true, this stock of knowledge may substitute for the transphenomenal reality in
our discussions concerning the world. But if reality corresponded to this simplification,
it would be inconceivable how anything new and unexpected should ever occur or appear
in our phenomenal world. In other words, it would be incomprehensible how every
spot of our phenomenal world could be so obviously open to ever-changing influxes
coming from a sphere X that cannot lie in it, as Oskar GRAEFE has con-tended
against the phenomenalism of Kurt LEWIN.
Our own actions, too, must have effects on a transphenomenal reality and cause
changes there. Otherwise it would be inconceivable how these actions can, together
with their effects or consequences, appear in the phenomenal worlds of other persons,
and that these consequences need not be observed there at the same time but their
observation can be separated from our own activity by time intervals of any length.
This possibility presupposes an X that preserves the effects of my activity long
beyond their existence in my own phenomenal world. To give an instance: I may build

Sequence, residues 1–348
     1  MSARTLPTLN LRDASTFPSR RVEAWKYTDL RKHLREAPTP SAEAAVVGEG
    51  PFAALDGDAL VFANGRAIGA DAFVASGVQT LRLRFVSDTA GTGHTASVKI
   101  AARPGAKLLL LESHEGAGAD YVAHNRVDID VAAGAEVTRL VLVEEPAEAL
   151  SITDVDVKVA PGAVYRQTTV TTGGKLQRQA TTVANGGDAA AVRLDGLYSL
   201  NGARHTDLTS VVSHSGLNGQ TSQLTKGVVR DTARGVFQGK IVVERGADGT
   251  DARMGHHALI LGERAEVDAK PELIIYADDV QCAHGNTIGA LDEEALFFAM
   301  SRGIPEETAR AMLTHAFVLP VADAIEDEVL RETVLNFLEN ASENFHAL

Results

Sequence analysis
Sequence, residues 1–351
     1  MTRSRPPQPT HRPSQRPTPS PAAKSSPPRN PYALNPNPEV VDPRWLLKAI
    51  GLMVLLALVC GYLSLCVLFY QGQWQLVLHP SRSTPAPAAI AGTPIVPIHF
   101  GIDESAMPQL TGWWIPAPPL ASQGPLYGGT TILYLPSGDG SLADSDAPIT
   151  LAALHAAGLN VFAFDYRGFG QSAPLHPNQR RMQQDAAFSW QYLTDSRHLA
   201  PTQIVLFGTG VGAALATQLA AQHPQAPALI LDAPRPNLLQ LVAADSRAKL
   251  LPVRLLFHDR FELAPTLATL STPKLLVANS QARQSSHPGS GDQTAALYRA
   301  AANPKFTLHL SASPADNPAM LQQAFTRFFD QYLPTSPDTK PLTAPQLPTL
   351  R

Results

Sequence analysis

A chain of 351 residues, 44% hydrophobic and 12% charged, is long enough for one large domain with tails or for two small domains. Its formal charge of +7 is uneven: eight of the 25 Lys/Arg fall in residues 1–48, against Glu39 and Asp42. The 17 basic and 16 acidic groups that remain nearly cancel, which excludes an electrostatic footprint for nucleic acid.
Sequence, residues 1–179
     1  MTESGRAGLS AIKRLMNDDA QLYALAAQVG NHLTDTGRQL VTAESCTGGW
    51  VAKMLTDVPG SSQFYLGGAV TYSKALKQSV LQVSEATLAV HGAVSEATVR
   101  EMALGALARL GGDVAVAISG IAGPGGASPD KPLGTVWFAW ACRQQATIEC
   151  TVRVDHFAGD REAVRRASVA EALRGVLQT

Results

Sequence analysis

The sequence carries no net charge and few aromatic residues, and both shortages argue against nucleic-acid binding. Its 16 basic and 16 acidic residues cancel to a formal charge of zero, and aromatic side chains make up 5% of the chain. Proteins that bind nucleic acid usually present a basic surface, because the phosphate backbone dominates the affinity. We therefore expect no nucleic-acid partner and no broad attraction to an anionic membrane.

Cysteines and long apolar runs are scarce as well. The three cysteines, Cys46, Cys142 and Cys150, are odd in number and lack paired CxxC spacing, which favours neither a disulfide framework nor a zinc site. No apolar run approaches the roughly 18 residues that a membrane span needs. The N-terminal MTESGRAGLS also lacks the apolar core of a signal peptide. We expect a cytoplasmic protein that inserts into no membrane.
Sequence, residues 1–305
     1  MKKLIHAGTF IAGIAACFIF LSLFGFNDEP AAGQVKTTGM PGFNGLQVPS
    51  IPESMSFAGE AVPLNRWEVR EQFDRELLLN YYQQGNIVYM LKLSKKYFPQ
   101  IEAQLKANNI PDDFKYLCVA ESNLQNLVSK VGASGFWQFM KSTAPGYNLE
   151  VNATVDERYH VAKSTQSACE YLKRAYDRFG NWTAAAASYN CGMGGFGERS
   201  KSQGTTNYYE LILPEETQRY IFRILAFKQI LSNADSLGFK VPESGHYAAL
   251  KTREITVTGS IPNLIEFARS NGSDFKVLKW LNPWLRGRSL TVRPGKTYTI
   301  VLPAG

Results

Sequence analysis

a footbridge in the desert; and another person may find it and pass over it many
There remains the naive-realistic objection that the world immediately experienced
by us as supporting us is characterized by such traits of firmness, stability, and
independence from ourselves that it appears to be an unreasonable demand that we
should consider it as a correlate of ever changing cerebral processes, processes
that occur within our own organism. But this objection is invalidated by the fact
that the independence of the outer environment from the subject is only very approximately
true. Let me mention briefly the facts that can be understood only by assuming that
their immediate correlates are to be localized within our own organism:
1) The change of view, i.e. of the mode of apperception as a means of mentally
modifying the outer environment.
2) The occurrence of strictly psychical phenomena, as feelings or moods etc. outside the subject, in the extreme instance in so-called FREUDian projection.